(genetic information)
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Stability and Homeostasis
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Organisms must Maintain very stable
internal conditions HOMEOSTASIS
Temperature, water content,
chemical content, etc. must be
maintained
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Reproduction and Inheritance
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All organisms produce new organisms
like themselves REPRODUCE
Organisms transmit hereditary
information to their offspring
INHERITANCE
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DNA
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Genetic Information in all cells
Deoxyribonucleic Acid
DNA contains instructions for
traits GENES
Make the structures and
complex chemicals necessary
for life PROTEINS
DNA in every body cell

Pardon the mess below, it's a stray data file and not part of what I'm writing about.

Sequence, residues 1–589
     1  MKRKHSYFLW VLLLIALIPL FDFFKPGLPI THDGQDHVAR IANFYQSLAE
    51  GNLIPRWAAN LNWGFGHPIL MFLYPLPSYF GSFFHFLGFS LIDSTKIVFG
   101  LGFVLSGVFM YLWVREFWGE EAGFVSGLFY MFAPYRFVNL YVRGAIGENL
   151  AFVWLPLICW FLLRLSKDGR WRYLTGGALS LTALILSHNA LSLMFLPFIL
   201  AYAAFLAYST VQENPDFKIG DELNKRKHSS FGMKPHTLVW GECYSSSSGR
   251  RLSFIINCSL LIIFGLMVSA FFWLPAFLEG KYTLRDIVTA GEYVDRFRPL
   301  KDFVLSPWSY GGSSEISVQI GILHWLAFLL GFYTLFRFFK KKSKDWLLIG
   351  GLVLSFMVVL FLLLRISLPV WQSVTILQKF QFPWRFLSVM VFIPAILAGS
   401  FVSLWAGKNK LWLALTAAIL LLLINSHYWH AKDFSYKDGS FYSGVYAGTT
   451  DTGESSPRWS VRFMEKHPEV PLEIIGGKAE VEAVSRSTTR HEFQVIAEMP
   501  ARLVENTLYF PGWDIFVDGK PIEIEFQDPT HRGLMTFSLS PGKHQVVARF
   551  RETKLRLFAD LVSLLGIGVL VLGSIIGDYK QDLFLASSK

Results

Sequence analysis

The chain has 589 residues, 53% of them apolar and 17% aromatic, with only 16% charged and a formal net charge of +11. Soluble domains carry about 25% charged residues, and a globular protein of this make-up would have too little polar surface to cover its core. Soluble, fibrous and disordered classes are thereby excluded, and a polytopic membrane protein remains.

(SOMATIC CELLS) is exactly
alike
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Sexual Reproduction
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Hereditary information
from two different
organisms of the same
species are combined
Egg and sperm 
zygote (fertilized egg)
Zygote contains
hereditary information
from both parents
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Asexual Reproduction
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Hereditary information
from one, usually
unicellular, organism
that divides
Resulting cells contain
identical hereditary
information
Genetic information
from single parent
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Evolution
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Populations of organisms
change (evolve) over
generations (time)